One Man's Art. One Woman's Unexpected Path to Healing - DATE CORRECTION
The Story of her quest to find the art of her Polish-Jewish great-grandfather
September 12, 2019
The Men's Group of Temple Akiba of Culver City is hosting a showing of the documentary film, "Chasing Portraits." The film will be followed by a Q&A with the film maker, Elizabeth Rynecki. The event will take place on Tuesday, Septtember17 at 7 p.m. This is open to the public and is a free event.
The memoir of one woman's emotional quest to find the art of her Polish-Jewish great-grandfather, lost during World War II.
From the review by rogerebert.com, "The documentary "Chasing Portraits" details the personal journey undertaken by director Elizabeth Rynecki, who spent the last decade in pursuit of her great-grandfather, Moshe's artwork. The elder Rynecki was a prolific painter in his native Poland, turning out numerous depictions of the lives of Polish Jews before World War II.
"When Hitler rose to power, Moshe's son, George, was able to pass in order to keep his wife and children from being sent to the Polish ghettos. However, Moshe's ties to his community were too strong for him to leave it. He remained in the Warsaw ghetto until he was eventually killed by the Nazis at the Majdanek concentration camp.
"After the war, Moshe Rynecki's wife would recover 120 of his 800 paintings, which were now historical snapshots of the Polish-Jewish way of life that had been destroyed by the Holocaust. Several other pieces of his artwork would end up in places as prestigious as a Jerusalem art museum and as personal as a private art collector's wall. "We think we have a legitimate claim to some of these paintings," Elizabeth's father, Alex says while showing some of the rescued materials he owns.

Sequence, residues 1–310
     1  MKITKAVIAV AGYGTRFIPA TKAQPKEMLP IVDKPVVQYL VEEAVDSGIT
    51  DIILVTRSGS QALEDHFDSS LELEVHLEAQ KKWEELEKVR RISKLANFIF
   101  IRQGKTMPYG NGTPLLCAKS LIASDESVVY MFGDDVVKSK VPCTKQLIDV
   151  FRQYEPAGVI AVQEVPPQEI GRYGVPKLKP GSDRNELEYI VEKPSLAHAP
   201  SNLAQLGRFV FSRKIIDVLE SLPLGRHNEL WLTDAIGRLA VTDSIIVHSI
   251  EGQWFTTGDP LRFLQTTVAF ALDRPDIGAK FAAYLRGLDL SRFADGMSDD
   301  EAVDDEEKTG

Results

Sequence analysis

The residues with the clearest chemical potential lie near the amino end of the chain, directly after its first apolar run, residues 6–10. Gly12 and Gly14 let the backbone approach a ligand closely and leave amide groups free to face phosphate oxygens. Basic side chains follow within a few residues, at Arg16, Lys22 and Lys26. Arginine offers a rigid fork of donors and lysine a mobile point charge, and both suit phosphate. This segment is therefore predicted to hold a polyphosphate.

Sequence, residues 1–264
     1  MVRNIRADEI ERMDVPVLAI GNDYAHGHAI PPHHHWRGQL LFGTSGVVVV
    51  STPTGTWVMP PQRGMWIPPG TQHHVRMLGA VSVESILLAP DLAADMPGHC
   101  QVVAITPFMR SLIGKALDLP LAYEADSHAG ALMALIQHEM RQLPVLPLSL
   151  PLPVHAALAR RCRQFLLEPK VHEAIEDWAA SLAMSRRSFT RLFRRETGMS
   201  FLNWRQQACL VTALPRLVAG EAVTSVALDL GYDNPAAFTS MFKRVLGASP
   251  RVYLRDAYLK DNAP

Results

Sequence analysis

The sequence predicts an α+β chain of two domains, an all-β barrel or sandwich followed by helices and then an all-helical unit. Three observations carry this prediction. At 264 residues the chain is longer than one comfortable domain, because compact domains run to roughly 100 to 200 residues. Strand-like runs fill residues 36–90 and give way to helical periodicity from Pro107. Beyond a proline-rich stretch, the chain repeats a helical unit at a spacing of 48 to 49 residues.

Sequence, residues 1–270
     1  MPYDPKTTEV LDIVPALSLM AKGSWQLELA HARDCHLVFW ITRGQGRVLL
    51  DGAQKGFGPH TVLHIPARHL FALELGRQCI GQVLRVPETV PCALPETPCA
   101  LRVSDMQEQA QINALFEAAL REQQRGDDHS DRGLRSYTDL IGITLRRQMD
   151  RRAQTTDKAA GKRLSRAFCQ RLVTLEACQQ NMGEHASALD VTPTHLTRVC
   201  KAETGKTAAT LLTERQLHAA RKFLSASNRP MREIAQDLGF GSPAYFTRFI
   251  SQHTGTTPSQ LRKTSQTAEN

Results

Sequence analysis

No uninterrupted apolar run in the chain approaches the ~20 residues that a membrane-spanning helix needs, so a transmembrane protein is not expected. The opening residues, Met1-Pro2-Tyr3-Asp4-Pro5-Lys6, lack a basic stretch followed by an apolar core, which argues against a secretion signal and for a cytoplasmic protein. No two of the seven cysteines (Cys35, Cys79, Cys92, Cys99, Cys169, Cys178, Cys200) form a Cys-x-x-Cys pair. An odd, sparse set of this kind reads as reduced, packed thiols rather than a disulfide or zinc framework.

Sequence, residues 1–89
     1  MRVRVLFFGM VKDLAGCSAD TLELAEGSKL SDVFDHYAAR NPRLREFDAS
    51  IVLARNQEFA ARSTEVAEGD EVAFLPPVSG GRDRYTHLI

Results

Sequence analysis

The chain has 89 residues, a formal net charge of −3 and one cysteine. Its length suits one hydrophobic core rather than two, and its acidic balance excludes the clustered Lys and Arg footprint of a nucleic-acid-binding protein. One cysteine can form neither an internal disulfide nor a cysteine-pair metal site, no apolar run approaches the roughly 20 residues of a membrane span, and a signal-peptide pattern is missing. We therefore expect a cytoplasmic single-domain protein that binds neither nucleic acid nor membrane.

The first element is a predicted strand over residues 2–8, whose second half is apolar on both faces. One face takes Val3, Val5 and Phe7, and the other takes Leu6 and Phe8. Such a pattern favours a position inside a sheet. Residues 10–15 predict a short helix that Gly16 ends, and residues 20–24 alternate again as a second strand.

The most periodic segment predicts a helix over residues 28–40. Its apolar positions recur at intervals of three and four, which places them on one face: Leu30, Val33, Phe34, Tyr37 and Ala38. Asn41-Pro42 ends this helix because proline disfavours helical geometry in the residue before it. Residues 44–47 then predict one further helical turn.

"But 'Chasing Portraits' is ultimately not about Elizabeth's attempt to retrieve or reclaim the works for her family. Rather, she explores how these items wound up where they did, and whether they should remain where they are. In pursuing these questions, the film touches on issues like artistic intent. After all, Moshe Rynecki's art is such a love letter to his people that he must have wanted them to see it, no matter where it was. It meant so much to him that he hid it away from the Nazis for safekeeping.
"The family's collection of paintings had always intrigued the young Elizabeth. Her grandmother endured the difficult task of trying to collect as much as she could after the war. As an adult, Elizabeth started a website documenting Moshe's output. After ramping up her social media presence, she was invited to speak to several Jewish groups about her family history and her quest to discover lost artwork. These events led her to her hearing from people who were in possession of Moshe's work."